Executive pay reforms have come too late

Mar 03 2008 by Nic Paton Print This Article

It almost doesn't matter whether corporate America is getting its house in order over executive pay, the damage to the country's reputation and probity from successive "fat cat" scandals has already been done.

Corporate directors and institutional investors disagree over whether greater transparency and checks and balances on U.S. executive pay mean the system is now changing for the better.

But both are in equally gloomy agreement that the current model has hurt corporate America's image – badly.

Research by consultancy Watson Wyatt Worldwide has found that nearly two-thirds of directors think the executive pay system is improving, against slightly more than a third of institutional investors.

There was also a sharp difference of opinion as to whether the executive pay model has helped to improve company performance.

While two out of three of the 163 directors questioned believed it had, slightly fewer than four out of 10 of the 72 institutional investors and pension fund managers polled felt the same way.

But what both agreed on – three quarters of each in fact – was that the current executive pay model had hurt corporate America's image.

A majority of both groups believed the system had led to resentment among rank and file workers and had resulted in excessive executive pay levels.

"While directors and institutional shareholders agree on key executive pay issues, they don't see eye-to-eye on other areas," said Ira Kay, global director of compensation consulting at Watson Wyatt.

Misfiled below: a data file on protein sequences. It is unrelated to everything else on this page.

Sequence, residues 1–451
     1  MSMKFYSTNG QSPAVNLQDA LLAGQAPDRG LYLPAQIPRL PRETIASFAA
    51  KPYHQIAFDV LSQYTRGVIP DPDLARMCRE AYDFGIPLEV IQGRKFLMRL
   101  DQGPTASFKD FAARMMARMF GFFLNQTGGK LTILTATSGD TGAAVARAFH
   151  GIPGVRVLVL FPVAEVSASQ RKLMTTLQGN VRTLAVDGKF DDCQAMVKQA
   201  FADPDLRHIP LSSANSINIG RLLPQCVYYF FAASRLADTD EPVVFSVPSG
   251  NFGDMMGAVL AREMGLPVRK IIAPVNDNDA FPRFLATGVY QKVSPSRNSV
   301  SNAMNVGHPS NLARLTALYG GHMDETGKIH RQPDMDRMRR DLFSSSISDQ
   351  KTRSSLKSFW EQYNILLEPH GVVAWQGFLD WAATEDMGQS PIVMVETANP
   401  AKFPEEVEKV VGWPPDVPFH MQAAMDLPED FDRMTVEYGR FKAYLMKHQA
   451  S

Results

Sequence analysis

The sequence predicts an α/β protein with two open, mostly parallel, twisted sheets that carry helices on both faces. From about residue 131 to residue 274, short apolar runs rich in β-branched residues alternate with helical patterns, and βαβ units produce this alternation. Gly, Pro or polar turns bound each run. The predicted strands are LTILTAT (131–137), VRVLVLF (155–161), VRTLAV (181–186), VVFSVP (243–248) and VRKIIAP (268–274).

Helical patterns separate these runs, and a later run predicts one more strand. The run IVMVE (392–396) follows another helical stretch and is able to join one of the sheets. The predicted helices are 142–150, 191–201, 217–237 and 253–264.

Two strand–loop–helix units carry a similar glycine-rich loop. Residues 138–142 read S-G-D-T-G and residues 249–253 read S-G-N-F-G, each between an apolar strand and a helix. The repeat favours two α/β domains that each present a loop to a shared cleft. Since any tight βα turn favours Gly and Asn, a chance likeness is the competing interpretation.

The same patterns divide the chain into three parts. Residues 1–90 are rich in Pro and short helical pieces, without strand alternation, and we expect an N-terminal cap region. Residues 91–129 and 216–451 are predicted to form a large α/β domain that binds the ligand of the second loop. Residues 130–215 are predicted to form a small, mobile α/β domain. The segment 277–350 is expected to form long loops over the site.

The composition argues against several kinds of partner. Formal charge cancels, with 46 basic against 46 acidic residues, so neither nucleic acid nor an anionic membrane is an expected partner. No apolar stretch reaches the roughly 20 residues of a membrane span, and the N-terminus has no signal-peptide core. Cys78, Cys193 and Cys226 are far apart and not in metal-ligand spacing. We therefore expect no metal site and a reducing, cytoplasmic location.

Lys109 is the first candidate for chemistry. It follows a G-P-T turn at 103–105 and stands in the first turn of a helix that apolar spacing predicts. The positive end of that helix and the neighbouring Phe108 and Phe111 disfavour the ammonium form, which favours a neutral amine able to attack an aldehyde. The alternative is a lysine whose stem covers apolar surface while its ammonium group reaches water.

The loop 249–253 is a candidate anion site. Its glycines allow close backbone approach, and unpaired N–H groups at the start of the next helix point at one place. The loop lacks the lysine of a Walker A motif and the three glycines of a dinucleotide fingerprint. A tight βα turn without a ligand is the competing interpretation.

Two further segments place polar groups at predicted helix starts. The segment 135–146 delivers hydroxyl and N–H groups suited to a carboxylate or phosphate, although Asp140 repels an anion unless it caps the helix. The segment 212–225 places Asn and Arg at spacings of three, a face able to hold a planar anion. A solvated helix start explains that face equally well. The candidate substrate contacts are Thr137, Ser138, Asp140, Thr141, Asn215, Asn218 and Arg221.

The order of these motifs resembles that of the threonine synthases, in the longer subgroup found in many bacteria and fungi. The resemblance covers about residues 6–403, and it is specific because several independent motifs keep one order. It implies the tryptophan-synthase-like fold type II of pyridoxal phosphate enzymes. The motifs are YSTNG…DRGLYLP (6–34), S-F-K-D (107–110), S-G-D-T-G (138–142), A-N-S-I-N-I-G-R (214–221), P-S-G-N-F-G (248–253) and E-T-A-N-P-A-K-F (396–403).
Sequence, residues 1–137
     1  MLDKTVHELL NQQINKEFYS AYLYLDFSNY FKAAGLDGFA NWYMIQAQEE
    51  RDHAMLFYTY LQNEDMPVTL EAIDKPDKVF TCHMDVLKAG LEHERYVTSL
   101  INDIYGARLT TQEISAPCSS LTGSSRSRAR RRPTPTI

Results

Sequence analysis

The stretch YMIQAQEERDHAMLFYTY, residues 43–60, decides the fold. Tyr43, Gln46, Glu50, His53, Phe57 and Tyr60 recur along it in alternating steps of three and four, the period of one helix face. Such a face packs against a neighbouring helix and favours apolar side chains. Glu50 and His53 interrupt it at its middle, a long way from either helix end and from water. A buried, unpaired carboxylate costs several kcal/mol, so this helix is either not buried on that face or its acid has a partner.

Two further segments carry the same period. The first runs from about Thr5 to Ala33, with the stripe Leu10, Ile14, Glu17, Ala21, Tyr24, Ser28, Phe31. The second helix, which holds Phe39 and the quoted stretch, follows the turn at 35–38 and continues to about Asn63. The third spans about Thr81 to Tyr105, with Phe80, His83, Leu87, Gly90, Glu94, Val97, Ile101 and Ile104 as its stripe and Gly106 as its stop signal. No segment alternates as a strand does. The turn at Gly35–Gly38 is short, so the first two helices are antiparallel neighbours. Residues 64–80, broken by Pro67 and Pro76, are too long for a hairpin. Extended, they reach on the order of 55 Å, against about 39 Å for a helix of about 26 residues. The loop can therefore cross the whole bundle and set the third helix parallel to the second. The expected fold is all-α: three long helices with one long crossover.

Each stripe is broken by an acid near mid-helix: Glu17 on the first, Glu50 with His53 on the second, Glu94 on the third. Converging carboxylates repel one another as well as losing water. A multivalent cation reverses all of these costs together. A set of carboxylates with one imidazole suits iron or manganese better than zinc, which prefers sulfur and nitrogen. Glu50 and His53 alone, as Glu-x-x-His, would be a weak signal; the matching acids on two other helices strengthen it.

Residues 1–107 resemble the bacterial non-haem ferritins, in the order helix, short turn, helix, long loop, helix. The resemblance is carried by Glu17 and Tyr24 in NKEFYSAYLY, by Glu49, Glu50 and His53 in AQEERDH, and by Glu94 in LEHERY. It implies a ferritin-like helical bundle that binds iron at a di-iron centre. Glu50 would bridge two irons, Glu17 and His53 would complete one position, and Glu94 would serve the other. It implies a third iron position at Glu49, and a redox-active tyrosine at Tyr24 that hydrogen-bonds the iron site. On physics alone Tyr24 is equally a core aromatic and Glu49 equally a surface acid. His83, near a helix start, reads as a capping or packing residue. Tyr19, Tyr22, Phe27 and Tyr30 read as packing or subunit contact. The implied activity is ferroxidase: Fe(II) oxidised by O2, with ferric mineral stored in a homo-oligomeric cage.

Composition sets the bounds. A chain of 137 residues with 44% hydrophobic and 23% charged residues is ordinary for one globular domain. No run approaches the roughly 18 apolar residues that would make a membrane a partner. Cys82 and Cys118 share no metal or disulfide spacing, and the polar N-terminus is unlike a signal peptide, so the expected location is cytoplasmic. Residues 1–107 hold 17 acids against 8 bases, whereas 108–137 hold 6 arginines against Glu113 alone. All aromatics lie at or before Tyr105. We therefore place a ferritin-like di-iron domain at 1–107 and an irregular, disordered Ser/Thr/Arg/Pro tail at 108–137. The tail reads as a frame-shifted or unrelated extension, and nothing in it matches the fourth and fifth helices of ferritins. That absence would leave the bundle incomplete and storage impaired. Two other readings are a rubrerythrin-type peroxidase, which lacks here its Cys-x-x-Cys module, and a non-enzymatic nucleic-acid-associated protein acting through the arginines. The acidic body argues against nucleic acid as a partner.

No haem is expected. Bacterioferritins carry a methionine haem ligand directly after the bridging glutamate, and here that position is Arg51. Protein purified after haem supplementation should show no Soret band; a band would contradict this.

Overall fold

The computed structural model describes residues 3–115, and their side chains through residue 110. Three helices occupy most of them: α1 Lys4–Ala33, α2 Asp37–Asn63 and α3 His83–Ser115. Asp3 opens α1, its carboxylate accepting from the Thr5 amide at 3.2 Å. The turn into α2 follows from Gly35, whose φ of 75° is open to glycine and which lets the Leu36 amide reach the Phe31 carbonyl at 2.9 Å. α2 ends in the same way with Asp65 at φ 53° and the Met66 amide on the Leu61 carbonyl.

"While directors believe the system generally works, institutional investors generally feel the model's flaws run deeper and require more substantial changes. Clearly, more work needs to be done," she added.

Both directors and institutional investors believed the Securities and Exchange Commission's new disclosure requirements on executive pay had been helpful, although improvements were still needed.

Among the research's other findings, it was also clear how hard it was to find and retain talent at this level.

Just six per cent of directors and 14 per cent of institutional investors did not believe firms should typically find top executive talent from inside the organisation.

More than half – 56 per cent – of directors and 45 per cent of institutional investors preferred to promote from within.

While nearly half of institutional investors believed that executive pay opportunity could be significantly reduced without losing key talent, only a quarter of directors agreed.

Both directors (94 per cent) and institutional investors (85 per cent) strongly agreed that severance and change-in-control agreements should be set at or below market.